Home study provides a more cost-effective option. Your training
company provider should offer assignments for submission and assessment and you
should look for one with a personal tutor too. Your tutor will give invaluable
feedback and be able to guide you as you become a successful Colour Analyst.
Day classes and short courses: these are also cost-effective
options, but generally only serve those who want to know more about the
subject. While you can understand the concept and the practice in a training
day, you will not develop the skill needed to offer a Colour Analysis service.
Colour Analysis needs to be practiced. Draping one or two people in a class in
On-line courses are attractive because they too are
generally a cost-effective option – but without assignments and assessments that
involve more than just multiple choice, will only provide more information
about the concepts of Colour Analysis.
The Advanced Colour Analysis Diploma offered by Training with
Imagination and Colourflair is a home study course in seasonal colour analysis with
a personal tutor, available by phone, email or skype/zoom. As well as the four
basic seasons there is a 16 fan system which tailors the swatches to the individuals
skin tone. There is an Association for Consultants to join which gives ongoing
training, updates and business support. This is not a Franchise.
The Colourflair system does not rely solely on the Consultants
expertise as this is a holistic approach in which several factors are taken
into consideration – to establish an accurate result. Our students are
confident in their learning to see some testimonials please click here.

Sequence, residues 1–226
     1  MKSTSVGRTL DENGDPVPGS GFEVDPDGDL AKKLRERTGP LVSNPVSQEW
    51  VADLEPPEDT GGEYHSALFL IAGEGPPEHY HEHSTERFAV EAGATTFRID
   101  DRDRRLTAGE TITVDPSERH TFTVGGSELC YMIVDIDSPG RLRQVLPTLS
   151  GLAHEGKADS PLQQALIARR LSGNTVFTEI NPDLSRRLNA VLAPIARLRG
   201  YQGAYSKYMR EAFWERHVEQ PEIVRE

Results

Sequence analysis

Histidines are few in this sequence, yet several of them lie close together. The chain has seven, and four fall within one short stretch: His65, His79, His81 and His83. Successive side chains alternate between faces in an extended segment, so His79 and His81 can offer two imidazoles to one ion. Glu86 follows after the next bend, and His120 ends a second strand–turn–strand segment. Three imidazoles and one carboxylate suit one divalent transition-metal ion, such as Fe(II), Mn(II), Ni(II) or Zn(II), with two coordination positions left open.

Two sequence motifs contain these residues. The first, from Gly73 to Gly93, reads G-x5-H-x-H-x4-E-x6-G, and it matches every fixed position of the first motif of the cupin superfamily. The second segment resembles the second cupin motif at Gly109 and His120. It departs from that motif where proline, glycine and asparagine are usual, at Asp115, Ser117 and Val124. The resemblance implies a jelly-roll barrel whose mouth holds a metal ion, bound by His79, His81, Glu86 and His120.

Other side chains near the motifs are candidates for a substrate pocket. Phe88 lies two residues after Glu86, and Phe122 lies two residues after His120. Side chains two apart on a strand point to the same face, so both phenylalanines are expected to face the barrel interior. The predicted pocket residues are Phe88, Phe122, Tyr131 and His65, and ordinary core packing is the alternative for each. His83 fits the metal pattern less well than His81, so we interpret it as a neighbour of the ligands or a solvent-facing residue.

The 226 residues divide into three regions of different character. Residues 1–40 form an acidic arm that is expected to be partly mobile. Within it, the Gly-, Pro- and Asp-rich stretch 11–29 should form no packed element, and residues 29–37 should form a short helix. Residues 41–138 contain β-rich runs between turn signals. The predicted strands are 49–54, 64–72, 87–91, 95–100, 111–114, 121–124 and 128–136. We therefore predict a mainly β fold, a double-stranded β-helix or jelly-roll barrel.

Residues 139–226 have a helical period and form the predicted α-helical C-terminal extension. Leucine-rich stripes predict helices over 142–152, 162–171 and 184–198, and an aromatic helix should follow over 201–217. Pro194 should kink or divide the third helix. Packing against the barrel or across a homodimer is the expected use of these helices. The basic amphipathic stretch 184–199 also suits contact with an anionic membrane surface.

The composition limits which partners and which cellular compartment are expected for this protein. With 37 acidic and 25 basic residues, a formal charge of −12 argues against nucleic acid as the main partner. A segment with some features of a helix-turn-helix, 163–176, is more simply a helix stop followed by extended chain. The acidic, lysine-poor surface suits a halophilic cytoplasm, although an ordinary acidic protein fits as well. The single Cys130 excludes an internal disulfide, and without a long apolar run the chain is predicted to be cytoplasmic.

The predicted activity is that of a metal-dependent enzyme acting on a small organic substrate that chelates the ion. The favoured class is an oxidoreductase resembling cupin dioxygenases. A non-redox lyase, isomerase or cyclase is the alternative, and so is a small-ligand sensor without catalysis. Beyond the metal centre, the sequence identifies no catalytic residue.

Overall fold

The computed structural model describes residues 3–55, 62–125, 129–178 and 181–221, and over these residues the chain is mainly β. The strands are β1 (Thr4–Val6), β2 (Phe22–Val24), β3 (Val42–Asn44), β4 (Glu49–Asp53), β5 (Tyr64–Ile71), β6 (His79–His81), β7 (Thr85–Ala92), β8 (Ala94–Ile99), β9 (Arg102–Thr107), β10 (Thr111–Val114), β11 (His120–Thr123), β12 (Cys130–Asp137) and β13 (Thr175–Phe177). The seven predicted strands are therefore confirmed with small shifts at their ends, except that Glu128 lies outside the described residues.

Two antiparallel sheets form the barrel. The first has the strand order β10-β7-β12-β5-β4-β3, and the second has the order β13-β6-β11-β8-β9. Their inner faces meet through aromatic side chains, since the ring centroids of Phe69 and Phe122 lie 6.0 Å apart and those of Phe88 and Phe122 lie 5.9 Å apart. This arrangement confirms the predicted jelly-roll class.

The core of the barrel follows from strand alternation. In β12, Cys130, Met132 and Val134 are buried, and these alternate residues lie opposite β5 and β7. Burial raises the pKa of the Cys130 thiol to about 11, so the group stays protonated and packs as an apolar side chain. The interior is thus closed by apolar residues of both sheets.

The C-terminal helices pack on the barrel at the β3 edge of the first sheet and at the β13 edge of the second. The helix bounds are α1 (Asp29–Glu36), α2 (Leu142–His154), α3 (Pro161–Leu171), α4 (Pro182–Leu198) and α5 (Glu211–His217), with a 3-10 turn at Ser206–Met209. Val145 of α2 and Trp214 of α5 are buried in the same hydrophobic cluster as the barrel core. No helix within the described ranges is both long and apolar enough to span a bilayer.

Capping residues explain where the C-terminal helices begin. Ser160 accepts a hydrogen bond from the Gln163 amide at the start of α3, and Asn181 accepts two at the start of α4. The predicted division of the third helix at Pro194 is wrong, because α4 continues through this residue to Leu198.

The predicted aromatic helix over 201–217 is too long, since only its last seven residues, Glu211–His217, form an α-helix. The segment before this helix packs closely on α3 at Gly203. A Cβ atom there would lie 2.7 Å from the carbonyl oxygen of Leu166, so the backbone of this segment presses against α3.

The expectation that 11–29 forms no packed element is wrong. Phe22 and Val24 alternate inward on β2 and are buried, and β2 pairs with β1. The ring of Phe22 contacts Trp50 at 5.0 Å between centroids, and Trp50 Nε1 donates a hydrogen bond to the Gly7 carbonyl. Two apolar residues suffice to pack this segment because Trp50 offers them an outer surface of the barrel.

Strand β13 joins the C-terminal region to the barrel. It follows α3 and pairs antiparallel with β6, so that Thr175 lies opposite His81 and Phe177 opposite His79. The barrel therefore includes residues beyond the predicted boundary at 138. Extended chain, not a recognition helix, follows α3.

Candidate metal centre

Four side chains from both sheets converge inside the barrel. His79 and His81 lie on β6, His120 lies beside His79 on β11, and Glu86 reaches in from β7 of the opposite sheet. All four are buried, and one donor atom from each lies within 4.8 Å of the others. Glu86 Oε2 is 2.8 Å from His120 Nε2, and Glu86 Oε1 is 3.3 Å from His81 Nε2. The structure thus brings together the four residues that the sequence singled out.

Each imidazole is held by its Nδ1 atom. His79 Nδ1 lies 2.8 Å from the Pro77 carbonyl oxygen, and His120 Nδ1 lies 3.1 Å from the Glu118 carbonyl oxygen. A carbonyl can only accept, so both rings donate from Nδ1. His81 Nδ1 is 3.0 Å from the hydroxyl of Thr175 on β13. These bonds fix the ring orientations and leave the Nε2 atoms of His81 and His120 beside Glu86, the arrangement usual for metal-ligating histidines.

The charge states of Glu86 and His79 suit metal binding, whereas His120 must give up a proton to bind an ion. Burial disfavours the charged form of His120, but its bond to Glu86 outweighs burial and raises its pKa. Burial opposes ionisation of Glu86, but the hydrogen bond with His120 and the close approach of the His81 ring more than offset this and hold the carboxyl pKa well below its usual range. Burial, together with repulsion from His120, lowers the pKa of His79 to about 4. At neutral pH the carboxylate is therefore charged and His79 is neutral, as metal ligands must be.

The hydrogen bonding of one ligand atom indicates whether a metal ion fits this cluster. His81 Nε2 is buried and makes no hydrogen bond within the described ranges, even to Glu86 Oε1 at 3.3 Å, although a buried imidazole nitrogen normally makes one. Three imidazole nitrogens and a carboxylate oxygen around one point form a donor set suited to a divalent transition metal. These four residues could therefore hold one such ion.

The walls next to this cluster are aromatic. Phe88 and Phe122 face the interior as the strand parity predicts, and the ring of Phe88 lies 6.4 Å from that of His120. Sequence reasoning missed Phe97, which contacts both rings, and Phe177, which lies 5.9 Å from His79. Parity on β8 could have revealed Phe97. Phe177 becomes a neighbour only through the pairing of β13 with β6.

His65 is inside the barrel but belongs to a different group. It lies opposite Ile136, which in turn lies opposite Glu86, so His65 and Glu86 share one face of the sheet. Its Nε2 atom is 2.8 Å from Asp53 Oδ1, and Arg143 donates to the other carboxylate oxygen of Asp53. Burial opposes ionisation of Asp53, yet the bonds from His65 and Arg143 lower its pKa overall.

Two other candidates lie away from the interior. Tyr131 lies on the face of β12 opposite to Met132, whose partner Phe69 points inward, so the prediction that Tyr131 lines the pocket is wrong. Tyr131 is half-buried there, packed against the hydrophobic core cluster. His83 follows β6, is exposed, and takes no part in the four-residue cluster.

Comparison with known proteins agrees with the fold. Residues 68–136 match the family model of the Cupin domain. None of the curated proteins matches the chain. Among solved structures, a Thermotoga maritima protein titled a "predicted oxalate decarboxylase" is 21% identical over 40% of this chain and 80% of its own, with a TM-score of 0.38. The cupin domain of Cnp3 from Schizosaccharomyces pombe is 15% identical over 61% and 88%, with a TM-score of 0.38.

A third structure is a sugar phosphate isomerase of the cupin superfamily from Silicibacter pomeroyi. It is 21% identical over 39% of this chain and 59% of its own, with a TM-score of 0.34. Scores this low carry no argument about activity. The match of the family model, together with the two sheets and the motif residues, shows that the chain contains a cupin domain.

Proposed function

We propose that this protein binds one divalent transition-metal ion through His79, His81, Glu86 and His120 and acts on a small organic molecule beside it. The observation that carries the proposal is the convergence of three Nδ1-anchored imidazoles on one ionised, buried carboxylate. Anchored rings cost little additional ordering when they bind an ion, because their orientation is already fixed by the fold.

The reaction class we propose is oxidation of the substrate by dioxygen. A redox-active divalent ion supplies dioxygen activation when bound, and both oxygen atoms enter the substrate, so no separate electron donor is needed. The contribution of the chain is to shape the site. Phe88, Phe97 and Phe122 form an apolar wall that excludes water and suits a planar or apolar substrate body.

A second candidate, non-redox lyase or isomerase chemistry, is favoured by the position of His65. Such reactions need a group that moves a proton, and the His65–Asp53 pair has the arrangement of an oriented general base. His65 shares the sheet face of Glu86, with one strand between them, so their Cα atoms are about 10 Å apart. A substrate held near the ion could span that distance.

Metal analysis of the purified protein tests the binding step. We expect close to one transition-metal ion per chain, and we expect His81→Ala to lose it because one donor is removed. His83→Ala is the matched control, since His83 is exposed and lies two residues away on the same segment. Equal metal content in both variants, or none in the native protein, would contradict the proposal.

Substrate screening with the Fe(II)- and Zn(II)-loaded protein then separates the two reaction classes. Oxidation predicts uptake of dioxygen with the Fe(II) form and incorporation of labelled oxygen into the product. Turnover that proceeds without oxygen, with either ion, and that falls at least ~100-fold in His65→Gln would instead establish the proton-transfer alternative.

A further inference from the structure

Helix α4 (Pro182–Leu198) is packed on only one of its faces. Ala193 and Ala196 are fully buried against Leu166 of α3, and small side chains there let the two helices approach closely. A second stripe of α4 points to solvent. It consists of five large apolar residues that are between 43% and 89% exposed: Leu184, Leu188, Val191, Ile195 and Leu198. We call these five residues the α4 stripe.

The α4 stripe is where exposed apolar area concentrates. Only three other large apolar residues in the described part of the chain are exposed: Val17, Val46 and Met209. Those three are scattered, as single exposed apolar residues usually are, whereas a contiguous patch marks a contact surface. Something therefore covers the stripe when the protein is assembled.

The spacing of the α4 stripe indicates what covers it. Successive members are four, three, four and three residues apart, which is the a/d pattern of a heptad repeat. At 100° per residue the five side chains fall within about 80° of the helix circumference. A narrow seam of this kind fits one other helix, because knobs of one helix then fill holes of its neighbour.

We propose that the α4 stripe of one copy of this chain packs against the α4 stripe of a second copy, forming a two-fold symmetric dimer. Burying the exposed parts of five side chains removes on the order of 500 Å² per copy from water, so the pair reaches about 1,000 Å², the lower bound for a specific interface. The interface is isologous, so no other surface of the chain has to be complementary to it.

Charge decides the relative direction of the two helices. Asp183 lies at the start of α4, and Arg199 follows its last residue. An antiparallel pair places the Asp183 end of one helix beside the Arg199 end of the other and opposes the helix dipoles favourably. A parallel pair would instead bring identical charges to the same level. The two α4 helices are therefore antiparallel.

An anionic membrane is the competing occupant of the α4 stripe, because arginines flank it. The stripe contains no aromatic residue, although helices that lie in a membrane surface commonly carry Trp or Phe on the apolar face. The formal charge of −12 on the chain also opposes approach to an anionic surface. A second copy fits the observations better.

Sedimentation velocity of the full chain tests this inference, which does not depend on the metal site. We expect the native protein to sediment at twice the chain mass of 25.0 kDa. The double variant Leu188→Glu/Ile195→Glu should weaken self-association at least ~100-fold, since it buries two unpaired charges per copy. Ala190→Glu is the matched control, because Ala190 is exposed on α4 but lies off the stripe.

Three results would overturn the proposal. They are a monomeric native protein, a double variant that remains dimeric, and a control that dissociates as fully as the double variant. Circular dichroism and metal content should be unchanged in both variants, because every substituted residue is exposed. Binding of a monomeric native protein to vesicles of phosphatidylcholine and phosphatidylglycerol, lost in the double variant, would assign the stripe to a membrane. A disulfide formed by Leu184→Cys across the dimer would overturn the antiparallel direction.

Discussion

prospectus is here
What kit will I need?
At the very least your training course should provide you
with the opportunity to buy drapes and a starter selection of fans or swatches.
At Training with Imagination we give you all the items that
you will need to conduct a Colour Analysis session – include drapes, fans and a
selection of miscellaneous items that you will use not only during your
training, but also when you are a qualified consultant.
Training with Imagination offers a variety of fans and
swatches in the Trade Price List. Some are suitable for Personal Seasonal
Colour Analysis, others have a tonal variation too and some can be used in
small classes and workshops. Please contact us inf you would like a copy of the
Can I make a successful business out of Seasonal Colour
The short answer is Yes you can. The longer answer is that as
with any business, it is not enough to have the practical skills. As well as
being well trained in the technique of Colour Analysis – you will find that there are other skills
that you will need. Several of these are directly related to business skills.
Some of these you can learn or outsource if you have budget. Perseverance and commitment
are also required if you are starting a new venture into the business world as
a sole trader
Is colour analysis for me?
If you love colour then you will really enjoy finding out more about Colour Analysis and working with clients. If you prefer working in a team environment – then this may not be for you – and you may wish to find another opportunity that enables you to work in a company or with a team. Most Colour Analysis professionals run their own business and work as Sole Traders.
Our course notes include everything that you will need to
train as a successful Colour Analyst. However, our course does include a
reading list if you wish to take your knowledge on certain aspects of the
Colourflair colour analysis system further. Here are just a few to get you
If you would like to download a copy of this article to read
later a pdf version can be found here.
In conclusion, Seasonal Colour Analysis can be a life
changing experience. It offers greater understanding of the colours that suit
an individual best – giving them confidence and an ability to use colour to
their best advantage. It can be used successfully as a business – in
conjunction with quality training, access to trade items and a Colour Kit with
ongoing training and business support.